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Thread: Influence of place on who you are.

  1. #46
    Registered User Anyname's Avatar
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    My son is a Dalhousie graduate and as a result I spent some time in Halifax. I'll second the notion that it is polite and hospitable place.
    BMW R bike rider, horizontally opposed to everything...

  2. #47
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    Quote Originally Posted by basketcase View Post
    Agreed on "where we are from shapes us."

    Hence the classic "American by birth: southern by the grace of God."

    But I think that more than place, it is family that shapes us before we have enough knowledge or judgement to shape ourselves -- or to move elsewhere.
    You nailed it-family! Far exceeds place if talking character,etc., as e.g. amongst important qualities.
    There are also a huge bunch of people out there that did it w/o "proper" family influence. I used to tell certain kids in my school, "on the hush", that they were my hero for their small or large achievements.Pat on the back sure isn't family but everything helps? I told my wife many times that our kids were going to make it to a happy & successful life in spite of factors such as a bad teacher here & there or other negative influences. It was the "other kids" that needed our help.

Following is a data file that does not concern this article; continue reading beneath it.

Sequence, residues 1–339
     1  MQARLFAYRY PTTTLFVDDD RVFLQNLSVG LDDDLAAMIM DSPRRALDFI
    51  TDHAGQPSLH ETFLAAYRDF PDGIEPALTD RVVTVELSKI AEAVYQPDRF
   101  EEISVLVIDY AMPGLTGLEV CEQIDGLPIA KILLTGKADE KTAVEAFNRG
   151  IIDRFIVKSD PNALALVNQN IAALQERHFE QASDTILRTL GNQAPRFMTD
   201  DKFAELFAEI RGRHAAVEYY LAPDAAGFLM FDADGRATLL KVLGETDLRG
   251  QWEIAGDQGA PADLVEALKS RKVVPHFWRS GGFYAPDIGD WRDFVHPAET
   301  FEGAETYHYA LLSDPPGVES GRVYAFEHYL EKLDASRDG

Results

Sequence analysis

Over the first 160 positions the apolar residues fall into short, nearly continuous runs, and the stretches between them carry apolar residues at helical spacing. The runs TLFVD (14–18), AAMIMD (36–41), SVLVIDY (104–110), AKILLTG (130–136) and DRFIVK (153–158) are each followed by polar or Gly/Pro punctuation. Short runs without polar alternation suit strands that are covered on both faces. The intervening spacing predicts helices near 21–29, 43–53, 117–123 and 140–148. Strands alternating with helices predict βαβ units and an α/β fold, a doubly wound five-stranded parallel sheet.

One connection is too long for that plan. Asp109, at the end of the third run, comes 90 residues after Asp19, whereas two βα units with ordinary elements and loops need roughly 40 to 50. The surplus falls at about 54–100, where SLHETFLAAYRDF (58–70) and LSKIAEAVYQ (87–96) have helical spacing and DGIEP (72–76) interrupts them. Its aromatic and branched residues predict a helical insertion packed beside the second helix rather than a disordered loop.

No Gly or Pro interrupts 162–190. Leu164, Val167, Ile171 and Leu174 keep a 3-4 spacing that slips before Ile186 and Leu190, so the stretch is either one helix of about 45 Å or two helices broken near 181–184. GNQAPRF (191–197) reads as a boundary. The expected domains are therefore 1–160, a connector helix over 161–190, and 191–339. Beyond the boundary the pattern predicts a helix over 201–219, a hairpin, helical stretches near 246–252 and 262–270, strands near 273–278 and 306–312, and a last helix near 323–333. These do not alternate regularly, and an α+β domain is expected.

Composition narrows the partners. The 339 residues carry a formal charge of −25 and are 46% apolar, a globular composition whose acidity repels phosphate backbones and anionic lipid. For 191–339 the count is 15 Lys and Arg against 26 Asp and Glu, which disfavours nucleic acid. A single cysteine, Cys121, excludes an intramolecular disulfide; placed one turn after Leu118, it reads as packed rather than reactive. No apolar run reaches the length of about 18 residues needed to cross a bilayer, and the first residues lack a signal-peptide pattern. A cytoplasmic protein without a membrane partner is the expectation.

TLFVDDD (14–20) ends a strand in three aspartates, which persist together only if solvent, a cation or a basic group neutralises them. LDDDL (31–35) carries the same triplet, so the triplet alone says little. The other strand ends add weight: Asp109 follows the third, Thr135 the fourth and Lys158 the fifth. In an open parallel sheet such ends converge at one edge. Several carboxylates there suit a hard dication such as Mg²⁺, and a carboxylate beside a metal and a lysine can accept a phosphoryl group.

"If I had my life to live over, I'd dare to make more mistakes next time...I'd relax,I'd limber up... I would take fewer things seriously...take more chances... take more trips...climb more mountains...swim more rivers...eat more ice cream." Jorge Luis Borges at age 85.

  3. #48
    Registered User amiles's Avatar
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    In my life I can remember many more people complaining about where they were, or worked (at the time) than those speaking positively in the same instance.

    It also seems that when most folks are away from "home" they usually speak well of it.

  4. #49
    Registered User 36654's Avatar
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    Quote Originally Posted by amiles View Post
    In my life I can remember many more people complaining about where they were, or worked (at the time) than those speaking positively in the same instance.
    During my career, I've worked with a number of companies around the country. In general, a few folks can be happy anywhere and a great town/area can make a mediocre job bearable. However, for most of us, a mediocre job in a soul-less town/area is just depressing. A happy conversation with the neighbor that watches your house while you're on vacation is a lot more valuable than a few more coins in your pocket or a stunning view.